Friday, 29 August 2008


Question:1. What is Ramadhan?........ .. 2.Why fast ?
1...Ramadhan is derived from the Arabic root word ramida or arramad intense scorching heat and dryness, especially the ground. From the same root there is ramdaa, sunbaked sand, and the famous proverb: "Kal Mustajeer minar Ramadaa binnar" - to jump out of the frying pan into the fire. And in a hadith the Messenger of Allah (saas) said : "The prayer of repenters is due when the young camel can feel the sun's heat early in the morning."

Thus, the Ramadhan is so called to indicate the heating sensation in the stomach as a result of thirst. Others said it is so called because Ramadhan scorches out the sins burns the ground. Some said it is so called because the hearts and souls are more readily receptive to the admonition and remembrance of Allah during Ramadhan, ad the sand and stones are receptive to the sun's heat. The framers of this beautiful language may have been inspired by Allah (SWT) in naming this month Ramadhan. Otherwise, the relation between the heat and its properties is miraculously similar to that of Ramadhan. While the heat represents the matter that helps shape,
form, and mold virtually every matter, from metal and plastics, to plants and living cells-Ramadhan undoubtedly helps a serious believe remold, reshape, reform, and renew his physical and spiritual disposition and behaviour
2.Fasting, siyamm, has two meanings. Generally, siyaam or sawm, is derived from the root sama, to retrain from normal things, such as eating, drinking, and talking. If an individual refrains from these things, he is considered saaim, the observer of fast. Al-Qur'an uses the word generally when it revealed the conversation between the angel and Mary, the of Jesus, as the angel instructed her "And if you do see any man say, "I have vowed to remain silent for Allah". (Al-Qur'an 19:26)

The phrase "to remain silent," is the interpretation of the Arabic word
"sawm". The reason for this interpretation is that "sawm" cannot mean
fast, i.e. restraint from food, because Mary had just been told to eat from
the palm tree. This general meaning is common in the Arabic language.

In the Shari'ah (Islamic law) the "sawm" means and implies a specific act ,
which is, "to worship Allah, abstaining, with intention to please Him from
fast breakers, such as physical nourishment, food, drink, and sexual
intercourse a lustful discharge of semen from the period between the break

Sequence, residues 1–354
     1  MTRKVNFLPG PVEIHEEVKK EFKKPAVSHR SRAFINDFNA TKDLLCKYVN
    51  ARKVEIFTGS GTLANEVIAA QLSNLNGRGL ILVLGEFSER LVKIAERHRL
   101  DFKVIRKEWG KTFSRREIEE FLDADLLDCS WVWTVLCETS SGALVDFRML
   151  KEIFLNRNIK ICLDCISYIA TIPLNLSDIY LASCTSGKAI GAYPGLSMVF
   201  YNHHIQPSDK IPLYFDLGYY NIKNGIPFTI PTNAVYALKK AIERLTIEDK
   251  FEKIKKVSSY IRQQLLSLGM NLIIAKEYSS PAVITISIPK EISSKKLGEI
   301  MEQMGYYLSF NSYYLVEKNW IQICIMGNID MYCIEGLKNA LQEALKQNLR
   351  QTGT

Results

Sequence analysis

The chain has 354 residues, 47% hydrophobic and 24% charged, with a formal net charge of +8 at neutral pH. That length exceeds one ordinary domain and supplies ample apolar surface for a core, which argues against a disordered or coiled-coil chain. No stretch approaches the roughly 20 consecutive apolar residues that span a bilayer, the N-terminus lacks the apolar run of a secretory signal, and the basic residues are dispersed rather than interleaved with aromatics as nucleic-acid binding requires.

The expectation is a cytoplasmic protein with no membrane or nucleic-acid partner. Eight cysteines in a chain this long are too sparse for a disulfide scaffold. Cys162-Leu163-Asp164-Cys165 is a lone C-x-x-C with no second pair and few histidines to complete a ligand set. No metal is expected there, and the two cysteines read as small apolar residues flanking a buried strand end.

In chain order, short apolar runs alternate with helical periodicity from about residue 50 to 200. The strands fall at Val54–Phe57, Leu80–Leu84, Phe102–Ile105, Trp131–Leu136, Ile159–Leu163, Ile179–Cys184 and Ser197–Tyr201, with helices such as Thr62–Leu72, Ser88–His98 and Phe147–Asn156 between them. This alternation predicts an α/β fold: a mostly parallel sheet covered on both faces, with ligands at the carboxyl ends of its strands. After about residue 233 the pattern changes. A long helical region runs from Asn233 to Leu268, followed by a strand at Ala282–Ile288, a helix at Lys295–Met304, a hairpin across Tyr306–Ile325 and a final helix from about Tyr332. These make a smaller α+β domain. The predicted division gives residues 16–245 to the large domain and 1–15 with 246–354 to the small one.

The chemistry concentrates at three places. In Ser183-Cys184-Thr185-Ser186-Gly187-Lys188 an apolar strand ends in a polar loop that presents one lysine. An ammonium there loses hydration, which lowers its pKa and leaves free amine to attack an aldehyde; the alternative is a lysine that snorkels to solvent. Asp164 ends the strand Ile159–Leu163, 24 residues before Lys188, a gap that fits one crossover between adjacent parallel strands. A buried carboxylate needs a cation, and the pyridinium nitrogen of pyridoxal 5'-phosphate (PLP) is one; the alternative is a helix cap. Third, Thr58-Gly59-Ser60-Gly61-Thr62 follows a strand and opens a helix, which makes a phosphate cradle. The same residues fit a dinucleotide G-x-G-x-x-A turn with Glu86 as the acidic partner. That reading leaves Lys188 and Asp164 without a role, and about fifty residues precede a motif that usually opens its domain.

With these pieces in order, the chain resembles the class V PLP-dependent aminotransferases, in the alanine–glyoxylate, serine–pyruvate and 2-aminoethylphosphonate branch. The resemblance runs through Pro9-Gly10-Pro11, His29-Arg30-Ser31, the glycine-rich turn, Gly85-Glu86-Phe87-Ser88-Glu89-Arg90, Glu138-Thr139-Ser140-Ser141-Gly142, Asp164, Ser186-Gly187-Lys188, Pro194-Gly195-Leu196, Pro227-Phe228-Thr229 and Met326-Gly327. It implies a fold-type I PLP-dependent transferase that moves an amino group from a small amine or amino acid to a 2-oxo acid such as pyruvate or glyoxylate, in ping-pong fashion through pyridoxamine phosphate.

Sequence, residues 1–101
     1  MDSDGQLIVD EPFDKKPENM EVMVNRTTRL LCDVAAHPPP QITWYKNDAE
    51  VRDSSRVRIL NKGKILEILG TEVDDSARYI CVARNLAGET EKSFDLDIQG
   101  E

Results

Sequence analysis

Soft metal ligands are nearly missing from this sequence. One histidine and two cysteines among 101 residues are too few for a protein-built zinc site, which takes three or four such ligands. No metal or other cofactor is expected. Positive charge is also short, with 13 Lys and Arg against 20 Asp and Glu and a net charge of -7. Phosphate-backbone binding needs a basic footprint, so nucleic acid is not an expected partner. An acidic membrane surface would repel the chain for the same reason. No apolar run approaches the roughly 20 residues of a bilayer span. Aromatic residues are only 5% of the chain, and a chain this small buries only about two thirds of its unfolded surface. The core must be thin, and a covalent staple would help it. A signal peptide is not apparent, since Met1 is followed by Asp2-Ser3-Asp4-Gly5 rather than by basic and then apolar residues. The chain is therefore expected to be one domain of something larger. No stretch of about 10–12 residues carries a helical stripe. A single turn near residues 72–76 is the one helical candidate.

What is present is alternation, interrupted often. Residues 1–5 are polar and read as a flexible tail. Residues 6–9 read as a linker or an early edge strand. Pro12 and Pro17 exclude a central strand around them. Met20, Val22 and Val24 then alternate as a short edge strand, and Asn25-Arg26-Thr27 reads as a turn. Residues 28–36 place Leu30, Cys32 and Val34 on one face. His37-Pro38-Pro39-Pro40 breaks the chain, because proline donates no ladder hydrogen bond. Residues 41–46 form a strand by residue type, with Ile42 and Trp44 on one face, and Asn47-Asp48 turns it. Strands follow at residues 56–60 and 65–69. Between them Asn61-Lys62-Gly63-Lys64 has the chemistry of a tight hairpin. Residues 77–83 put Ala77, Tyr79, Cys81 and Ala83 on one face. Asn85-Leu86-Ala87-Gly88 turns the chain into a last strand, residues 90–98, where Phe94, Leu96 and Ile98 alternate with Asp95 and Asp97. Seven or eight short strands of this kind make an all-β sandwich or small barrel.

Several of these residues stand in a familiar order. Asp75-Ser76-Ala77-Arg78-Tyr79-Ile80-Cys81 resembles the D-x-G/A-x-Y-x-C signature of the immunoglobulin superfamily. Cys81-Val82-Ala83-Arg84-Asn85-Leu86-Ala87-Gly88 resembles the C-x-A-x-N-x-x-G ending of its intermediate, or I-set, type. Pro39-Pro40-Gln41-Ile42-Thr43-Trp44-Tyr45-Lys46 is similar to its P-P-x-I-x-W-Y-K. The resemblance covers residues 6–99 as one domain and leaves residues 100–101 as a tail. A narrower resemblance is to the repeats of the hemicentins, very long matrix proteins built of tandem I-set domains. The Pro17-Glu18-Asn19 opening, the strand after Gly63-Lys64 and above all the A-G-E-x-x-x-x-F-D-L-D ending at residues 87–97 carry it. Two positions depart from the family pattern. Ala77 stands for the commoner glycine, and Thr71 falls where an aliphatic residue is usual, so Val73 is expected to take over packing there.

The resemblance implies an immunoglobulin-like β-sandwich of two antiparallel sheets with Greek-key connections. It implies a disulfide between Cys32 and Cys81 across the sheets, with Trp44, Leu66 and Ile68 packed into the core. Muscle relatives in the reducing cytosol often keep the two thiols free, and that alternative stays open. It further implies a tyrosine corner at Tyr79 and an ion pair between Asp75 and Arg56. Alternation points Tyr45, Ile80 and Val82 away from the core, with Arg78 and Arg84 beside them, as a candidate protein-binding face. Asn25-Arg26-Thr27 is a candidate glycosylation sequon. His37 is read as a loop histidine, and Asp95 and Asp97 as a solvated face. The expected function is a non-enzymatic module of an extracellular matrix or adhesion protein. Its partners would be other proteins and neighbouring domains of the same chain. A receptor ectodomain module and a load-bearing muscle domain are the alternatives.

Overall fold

of dawn until sundown."

Every year, more than one billion Muslims around the globe observe the importance of the month of Ramadhan. This time of the year is a time for reflection, devotion to God, and self-control. During the month of Ramadhan, Muslims show their devotion to God by fasting, or abstaining from food.
During Ramadhan most Muslims will tend to wake up just before sunrise to eat a meal or some food and this is known as Sehri or Suhoor. They will then not be able to eat or drink again until sunset when it is traditional to open the fast with a date and then eat and this meal is known as Ithar or Iftari. The Supplication for breaking the fast is: "Thirst has gone, the veins are moistened and the reward is certain, Allah wills.Muslims shouldn’t eat too much food, as Prophet Muhammad *(PBUH) broke his fast with a couple of dates and with water only. This is the correct *Sunnah to follow, it was the way of the Prophet Muhammad, as he practiced Fasting in the Month of Ramadhan.
Ramadhan is the name of the ninth month of the Hijri (Islamic) calendar. According to the Dictionary of Islam, the word Ramadan is derived from the word ramd, "to burn" (Ramadhan is associated with fasting, during which sins are said to be figuratively burned away).

Fasting (Sawm) is one of the core five pillars of Islam. The others are: Shahadah (the testimony of faith), Salat (ritual prayer), Zakat (obligatory religious almsgiving), and the Hajj (the pilgrimage to Mecca). During this month Muslims from around the world are required to fast from dawn to dusk. During the fast Muslims may not eat, drink, smoke, or engage in sexual activity. Although fasting is made obligatory to believers of Islam, some groups are excluded: children who are not yet adolescent, the elderly and the chronically ill for whom fasting would be unreasonably strenuous, pregnant women and nursing mothers, the mentally retarded, travelers, and women during periods of menstruation. 1